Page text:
Russia continues to make inroads in the Arab world, seeking to erode U.S. influence and to secure economic and geopolitical gains. Riyadh would represent a major prize. But Saudi Arabia has not abandoned its alliance with the United States. If anything, it is hedging its bets, while pursuing Russian cooperation in the oil market. If Washington wants to frustrate Putin’s advances, it must continue to counter Iranian aggression in the region. This is Riyadh’s top priority and the primary drag on its relations with Moscow, which continues to work with Iran and its regional clients. So long as this dynamic persists, Saudi Arabia will remain in the American orbit, even as it does business with America’s competitors.Read More
Purchasing finished weapons systems, such as Trophy, from one another that the other country develops independently is positive. However, deeper defense cooperation between the two nations could yield increased benefits. For example, if the U.S. and Israel had combined efforts on APS years ago, then DOD could have avoided the current capability gap it is now scrambling to fill. Therefore, the U.S. and Israel should consider establishing more systematic combined weapons research and development projects to together develop an array of cutting-edge military capabilities.Read More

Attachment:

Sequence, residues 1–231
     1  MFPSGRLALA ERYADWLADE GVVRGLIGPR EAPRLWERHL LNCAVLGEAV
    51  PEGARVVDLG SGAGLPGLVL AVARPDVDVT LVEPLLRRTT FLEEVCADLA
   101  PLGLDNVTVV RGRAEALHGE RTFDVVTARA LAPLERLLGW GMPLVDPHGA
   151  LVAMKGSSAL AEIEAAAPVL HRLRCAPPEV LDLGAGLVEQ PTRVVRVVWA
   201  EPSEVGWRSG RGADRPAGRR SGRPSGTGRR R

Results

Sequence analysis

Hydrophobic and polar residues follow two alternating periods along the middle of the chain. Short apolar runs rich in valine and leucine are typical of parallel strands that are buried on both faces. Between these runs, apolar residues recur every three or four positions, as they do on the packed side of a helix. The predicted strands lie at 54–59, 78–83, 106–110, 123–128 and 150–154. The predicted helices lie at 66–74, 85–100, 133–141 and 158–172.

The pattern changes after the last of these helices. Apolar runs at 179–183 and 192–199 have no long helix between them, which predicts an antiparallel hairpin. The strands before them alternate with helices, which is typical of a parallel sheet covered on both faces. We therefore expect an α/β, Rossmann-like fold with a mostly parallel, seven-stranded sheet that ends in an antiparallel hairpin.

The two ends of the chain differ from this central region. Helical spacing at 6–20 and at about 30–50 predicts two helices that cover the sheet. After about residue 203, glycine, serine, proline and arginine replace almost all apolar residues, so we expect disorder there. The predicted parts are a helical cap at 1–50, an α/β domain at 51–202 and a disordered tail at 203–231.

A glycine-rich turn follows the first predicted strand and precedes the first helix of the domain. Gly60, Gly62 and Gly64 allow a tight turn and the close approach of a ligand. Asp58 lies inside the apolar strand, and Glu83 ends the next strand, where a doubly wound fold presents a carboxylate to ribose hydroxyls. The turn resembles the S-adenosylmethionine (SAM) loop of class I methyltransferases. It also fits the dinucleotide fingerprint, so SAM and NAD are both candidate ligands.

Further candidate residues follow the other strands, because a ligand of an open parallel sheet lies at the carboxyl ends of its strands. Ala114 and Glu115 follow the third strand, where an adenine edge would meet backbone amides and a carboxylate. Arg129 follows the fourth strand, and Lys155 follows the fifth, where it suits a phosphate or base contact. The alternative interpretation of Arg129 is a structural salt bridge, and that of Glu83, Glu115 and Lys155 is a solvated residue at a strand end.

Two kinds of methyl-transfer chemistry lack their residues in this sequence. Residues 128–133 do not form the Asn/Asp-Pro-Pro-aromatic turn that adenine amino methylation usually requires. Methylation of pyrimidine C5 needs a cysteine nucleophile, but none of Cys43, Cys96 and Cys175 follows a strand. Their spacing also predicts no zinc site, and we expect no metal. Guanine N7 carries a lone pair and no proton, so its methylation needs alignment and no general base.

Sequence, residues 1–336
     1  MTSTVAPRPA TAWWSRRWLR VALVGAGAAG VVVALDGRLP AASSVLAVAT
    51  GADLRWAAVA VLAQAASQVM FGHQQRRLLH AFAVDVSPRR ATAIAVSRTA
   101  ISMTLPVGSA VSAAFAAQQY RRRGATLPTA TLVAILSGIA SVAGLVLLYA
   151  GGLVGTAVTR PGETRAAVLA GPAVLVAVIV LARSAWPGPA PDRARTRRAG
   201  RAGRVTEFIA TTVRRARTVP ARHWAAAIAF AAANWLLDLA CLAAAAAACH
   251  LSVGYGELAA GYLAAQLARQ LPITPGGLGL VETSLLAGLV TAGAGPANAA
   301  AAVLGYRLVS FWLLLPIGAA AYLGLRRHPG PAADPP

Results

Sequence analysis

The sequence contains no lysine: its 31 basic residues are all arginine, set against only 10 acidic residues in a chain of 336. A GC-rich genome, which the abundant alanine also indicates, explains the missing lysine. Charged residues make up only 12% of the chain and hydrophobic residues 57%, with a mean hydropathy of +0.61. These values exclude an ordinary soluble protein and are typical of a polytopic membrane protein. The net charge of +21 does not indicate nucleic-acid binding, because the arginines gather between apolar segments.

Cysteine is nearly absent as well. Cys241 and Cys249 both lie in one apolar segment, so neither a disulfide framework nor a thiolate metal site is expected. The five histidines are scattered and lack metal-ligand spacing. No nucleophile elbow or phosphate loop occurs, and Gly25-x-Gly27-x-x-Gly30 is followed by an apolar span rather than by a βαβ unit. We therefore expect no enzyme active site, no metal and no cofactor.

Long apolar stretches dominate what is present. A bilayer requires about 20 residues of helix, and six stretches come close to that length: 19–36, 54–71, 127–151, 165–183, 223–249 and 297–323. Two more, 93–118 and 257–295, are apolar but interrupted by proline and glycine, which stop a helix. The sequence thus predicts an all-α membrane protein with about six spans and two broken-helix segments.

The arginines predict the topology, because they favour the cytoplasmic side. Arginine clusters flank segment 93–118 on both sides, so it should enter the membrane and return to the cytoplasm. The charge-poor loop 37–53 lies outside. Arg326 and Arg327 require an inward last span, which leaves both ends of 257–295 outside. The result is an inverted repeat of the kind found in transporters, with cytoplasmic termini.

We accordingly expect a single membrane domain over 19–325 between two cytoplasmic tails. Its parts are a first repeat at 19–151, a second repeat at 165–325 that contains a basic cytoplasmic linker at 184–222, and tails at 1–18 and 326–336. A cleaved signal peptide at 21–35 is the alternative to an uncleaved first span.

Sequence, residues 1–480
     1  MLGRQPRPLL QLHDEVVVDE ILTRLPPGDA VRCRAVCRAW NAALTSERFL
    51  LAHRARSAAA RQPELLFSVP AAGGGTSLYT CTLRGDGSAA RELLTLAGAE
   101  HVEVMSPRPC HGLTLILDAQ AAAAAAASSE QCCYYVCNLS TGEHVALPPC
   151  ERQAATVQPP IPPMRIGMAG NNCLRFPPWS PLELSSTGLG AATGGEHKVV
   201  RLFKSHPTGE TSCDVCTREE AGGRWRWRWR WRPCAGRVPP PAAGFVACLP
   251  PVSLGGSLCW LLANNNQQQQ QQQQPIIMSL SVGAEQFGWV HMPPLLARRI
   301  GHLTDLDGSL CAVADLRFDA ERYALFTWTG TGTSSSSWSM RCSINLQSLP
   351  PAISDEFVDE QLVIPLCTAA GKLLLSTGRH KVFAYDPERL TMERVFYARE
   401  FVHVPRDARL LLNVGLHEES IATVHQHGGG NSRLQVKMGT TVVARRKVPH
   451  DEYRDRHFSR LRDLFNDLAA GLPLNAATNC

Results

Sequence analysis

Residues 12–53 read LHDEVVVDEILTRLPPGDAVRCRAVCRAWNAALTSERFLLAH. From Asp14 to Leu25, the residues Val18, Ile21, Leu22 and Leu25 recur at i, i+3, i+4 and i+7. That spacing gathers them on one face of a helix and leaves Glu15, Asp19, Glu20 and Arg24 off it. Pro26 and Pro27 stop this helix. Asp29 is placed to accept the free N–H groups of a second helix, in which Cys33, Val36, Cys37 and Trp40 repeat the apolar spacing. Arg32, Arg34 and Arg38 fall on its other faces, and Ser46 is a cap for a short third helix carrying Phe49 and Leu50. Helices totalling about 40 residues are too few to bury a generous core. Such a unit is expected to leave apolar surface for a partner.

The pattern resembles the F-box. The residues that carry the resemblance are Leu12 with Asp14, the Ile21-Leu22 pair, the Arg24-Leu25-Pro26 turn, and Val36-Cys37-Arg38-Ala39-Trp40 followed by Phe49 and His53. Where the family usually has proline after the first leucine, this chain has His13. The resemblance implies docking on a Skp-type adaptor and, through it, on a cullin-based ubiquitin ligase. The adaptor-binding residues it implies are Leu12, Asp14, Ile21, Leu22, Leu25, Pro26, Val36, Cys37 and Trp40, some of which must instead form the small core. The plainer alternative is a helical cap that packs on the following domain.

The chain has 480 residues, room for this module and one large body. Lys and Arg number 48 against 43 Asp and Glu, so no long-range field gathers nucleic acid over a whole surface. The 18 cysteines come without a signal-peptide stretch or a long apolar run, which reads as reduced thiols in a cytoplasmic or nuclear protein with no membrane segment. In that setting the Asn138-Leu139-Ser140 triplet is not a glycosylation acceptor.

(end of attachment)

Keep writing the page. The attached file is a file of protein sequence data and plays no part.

David Adesnik is director of research at the Foundation for Defense of Democracies. Aykan Erdemir, a former member of the Turkish parliament, is a senior fellow at the Foundation for Defense of Democracies.Read More
Andrea Stricker is a research fellow at FDD where she conducts research on nonproliferation, Iran, North Korea, and other security policy topics.Read More
Clifford D. May is founder and president of the Foundation for Defense of Democracies (FDD) and a columnist for the Washington Times.Read More
Retreating and abandoning allies may not be the optimum strategy.
October 10, 2019 | 12:00
August 20, 2019 | 3:00